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Giving Feedback, Avoiding Tension

The cows are shifting in the bails their eyes looking up and down trying to see if there is any danger. They can feel the tension in the cowshed this morning. The milking staff can also feel the tension as well. James starts to help Ali on cups on for a few minutes trying to work out what was wrong with Duncan their boss.

He had come in this morning in a furious mood, he went straight to cups off without a word but with that look on his face that said something was making him angry.

“What’s up with Duncan this morning?” James whispers to Ali. “No idea” replies Ali. “It could be anything? My advice is to just ignore him and keep out of his way”. James shrugs his shoulders and heads off for the second herd.

From Duncan’s point of view, he was annoyed with James performance and did not have an easy pattern to communicate with James about it. All he could do was try to control his anger and carry on hoping he wouldn’t explode at him again.

This situation is played out across NZ Dairy farms on a weekly basis but it doesn’t have to be. It takes time but you can setup rules of communications within your team so that corrective feedback can happen easily, that is without emotion or tension. Emotion gets in the way of the message. The staff member ends up thinking about the boss’s behaviour instead of the corrective feedback that was being delivered.

Team leaders seem to be in two camps in relation to feedback.

1. They either give feedback too fast after the event – Often in anger or based on emotion, gets the situation wrong and often falsely accuses staff. The staff leave the conversation thinking about how the team leader acted rather than their own behaviour with no real shift in how the staff member was acting. The staff member loses respect for the team leader and this approach sets up a blame culture in your team, which ultimately leads to tension and poor staff/team performance.

2. Hold it in or say nothing – The team leader does not want to upset the team or finds it hard to communicate what was done wrong by the staff member. The team leader looks upset or angry but the staff have no idea what was done wrong. The result is no change in behaviour and loss of respect in the team leader because he/she fails to deal with poor performance from team members. This results in the team getting frustrated with each other and tension increases in the team as they try to step into the gap and give each other corrective feedback without the authority. Poor team performance is the result.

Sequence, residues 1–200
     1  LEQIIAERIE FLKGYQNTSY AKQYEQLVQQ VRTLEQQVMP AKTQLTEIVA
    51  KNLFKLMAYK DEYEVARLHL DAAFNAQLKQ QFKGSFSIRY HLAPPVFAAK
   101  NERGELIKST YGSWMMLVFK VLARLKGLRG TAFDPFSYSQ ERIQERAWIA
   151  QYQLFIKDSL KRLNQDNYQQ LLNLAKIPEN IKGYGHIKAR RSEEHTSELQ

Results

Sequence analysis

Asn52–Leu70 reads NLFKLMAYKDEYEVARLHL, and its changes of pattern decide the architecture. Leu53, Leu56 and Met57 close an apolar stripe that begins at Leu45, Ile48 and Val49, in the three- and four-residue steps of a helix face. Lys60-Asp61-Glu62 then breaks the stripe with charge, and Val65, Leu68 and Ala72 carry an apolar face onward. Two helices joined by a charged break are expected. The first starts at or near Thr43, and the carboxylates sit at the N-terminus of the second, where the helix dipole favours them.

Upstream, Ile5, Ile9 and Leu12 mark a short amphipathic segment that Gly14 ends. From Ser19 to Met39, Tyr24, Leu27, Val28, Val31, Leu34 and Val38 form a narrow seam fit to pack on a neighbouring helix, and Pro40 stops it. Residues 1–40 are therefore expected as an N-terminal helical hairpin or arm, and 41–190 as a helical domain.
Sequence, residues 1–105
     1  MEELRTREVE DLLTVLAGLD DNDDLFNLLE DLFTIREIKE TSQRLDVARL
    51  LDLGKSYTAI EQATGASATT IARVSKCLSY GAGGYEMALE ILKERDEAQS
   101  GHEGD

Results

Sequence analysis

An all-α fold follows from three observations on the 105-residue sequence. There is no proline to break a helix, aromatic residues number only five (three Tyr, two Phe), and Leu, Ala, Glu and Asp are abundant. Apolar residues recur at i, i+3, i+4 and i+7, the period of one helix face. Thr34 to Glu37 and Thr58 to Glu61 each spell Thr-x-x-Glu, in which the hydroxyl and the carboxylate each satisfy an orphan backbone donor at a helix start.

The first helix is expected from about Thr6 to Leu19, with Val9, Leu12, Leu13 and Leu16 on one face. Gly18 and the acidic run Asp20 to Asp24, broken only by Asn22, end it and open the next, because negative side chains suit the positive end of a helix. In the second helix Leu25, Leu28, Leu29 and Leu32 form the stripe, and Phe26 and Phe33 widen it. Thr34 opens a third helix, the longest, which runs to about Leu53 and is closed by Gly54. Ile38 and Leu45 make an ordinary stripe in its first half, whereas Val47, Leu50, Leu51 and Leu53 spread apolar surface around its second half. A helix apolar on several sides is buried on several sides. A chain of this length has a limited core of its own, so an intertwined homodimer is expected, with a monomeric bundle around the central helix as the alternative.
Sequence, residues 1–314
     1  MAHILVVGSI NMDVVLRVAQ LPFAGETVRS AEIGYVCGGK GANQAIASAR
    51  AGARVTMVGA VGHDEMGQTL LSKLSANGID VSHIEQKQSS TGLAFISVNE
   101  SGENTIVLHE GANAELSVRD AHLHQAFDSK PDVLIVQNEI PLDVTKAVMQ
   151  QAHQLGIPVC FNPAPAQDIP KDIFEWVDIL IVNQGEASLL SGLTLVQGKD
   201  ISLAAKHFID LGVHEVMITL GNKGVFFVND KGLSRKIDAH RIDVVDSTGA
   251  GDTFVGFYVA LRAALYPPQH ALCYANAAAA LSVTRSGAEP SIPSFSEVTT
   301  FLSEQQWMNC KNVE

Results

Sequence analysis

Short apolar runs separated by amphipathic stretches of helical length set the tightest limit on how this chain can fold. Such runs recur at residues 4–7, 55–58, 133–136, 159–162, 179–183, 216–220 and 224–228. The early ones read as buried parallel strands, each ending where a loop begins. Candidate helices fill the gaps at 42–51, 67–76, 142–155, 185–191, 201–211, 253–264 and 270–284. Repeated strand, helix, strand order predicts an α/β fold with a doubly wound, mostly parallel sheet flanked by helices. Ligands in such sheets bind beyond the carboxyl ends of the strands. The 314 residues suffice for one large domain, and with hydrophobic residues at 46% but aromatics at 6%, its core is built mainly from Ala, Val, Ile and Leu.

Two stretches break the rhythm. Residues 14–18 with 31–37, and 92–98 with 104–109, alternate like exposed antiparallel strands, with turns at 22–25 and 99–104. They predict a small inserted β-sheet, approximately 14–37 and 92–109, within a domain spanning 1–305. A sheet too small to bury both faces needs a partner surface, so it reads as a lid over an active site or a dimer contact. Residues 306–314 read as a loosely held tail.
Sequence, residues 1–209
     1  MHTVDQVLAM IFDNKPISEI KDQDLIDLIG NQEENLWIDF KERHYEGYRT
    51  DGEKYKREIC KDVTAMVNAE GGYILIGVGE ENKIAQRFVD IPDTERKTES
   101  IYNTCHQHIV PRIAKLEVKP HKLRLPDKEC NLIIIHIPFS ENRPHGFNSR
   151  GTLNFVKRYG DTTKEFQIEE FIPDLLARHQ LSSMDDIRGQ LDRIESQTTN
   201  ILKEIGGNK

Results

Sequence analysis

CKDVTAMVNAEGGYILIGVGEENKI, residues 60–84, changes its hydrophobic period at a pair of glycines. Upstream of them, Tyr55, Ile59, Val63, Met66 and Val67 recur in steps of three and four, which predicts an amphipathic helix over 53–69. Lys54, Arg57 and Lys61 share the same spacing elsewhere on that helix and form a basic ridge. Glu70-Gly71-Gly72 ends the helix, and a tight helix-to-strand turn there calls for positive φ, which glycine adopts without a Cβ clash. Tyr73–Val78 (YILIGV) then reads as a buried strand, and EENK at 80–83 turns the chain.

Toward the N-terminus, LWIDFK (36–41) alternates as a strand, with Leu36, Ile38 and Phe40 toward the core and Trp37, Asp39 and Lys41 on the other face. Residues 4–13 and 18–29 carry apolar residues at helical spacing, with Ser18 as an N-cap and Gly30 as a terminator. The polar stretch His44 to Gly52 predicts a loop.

The goal is to setup a team where information can flow between individuals without tension or stress. Information for each person to use to improve their own performance. How does a team leader/manager/sharemilker/farm owner do this?

Talk to your team as a group and tell them you are going to start giving feedback more often and that your intention of doing so is to help them be even more effective in their roles and as a team. Components for giving feedback effectively are:

  1. When you see a situation that warrants feedback wait until you are relaxed (if still angry wait…). This gives you time to align your intention to that of creating a learning opportunity (not a ‘tear a strip of them and show them who is boss’ situation).

  2. You are both alone and in a safe environment for each other (very important).

  3. Ask them “I would like to give you some feedback, is now a good time?” A courtesy in that they may have a more pressing situation that has to be dealt with first before they can more readily hear what you are to say. It is not their choice whether to receive the feedback, they need to have it, it is about when it is delivered. This is so they are ready to listen and also say “this is information for you to use”.

  4. Share your intention for giving feedback. Until you do, they will assume what feedback is (often having negative connotations) e.g. “My intention for giving you feedback is to help you be more effective in your role”

  5. Describe specifics, stick to the facts around their behaviour and/or what they have said e.g. “What I have seen you do is….”

  6. Describe the impact of their behaviour. “The impact has been….” This will be on one or more of, their growth, their team, you, the business, the animals, their family, the community.

  7. Be silent, what for their response, ask them for their thoughts.

  8. If they start to defend themselves just say quietly that this is information for you to use only you don’t have to defend it. I am not judging you giving you this information out of respect so we can discuss it further.

  9. If you can lead the behaviour by allowing the team to give you feedback, this will make it natural and take your team to the next level in performance.

Delivered with the right intent, all feedback can be positive in that it either provides;

  • Positive acknowledgement (reinforcing the right beliefs and behaviour)

  • Developmental information (to help them learn or improve a skill)

  • Course correction for when they are heading off in the wrong direction (may well be a blind spot).

Giving feedback, it is something that can be learnt that will have a major positive influence on you and your team’s performance.

Millennium Farming

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